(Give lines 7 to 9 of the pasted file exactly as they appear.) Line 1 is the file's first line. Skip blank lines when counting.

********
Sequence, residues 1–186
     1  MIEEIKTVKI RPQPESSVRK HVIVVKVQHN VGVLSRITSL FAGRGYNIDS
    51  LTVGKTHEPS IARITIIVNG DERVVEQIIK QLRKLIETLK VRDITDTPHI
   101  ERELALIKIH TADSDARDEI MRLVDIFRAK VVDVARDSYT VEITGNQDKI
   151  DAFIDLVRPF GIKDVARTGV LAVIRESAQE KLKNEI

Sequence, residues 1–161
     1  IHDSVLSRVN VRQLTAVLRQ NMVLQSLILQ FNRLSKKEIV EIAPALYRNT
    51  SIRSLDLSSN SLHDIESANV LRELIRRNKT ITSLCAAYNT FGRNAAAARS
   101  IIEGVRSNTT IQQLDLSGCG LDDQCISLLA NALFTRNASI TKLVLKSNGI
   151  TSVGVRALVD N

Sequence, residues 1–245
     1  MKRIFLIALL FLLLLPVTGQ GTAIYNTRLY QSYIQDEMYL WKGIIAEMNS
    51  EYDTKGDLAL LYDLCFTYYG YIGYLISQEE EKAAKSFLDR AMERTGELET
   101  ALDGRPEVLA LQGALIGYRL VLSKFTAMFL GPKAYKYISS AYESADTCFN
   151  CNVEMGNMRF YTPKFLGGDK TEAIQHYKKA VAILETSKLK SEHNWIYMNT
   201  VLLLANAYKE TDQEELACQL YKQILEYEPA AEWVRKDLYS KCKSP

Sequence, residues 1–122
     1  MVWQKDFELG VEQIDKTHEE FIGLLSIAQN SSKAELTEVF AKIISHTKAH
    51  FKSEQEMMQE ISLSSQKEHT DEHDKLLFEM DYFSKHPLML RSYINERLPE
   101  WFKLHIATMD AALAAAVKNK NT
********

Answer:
     1  IHDSVLSRVN VRQLTAVLRQ NMVLQSLILQ FNRLSKKEIV EIAPALYRNT
    51  SIRSLDLSSN SLHDIESANV LRELIRRNKT ITSLCAAYNT FGRNAAAARS
   101  IIEGVRSNTT IQQLDLSGCG LDDQCISLLA NALFTRNASI TKLVLKSNGI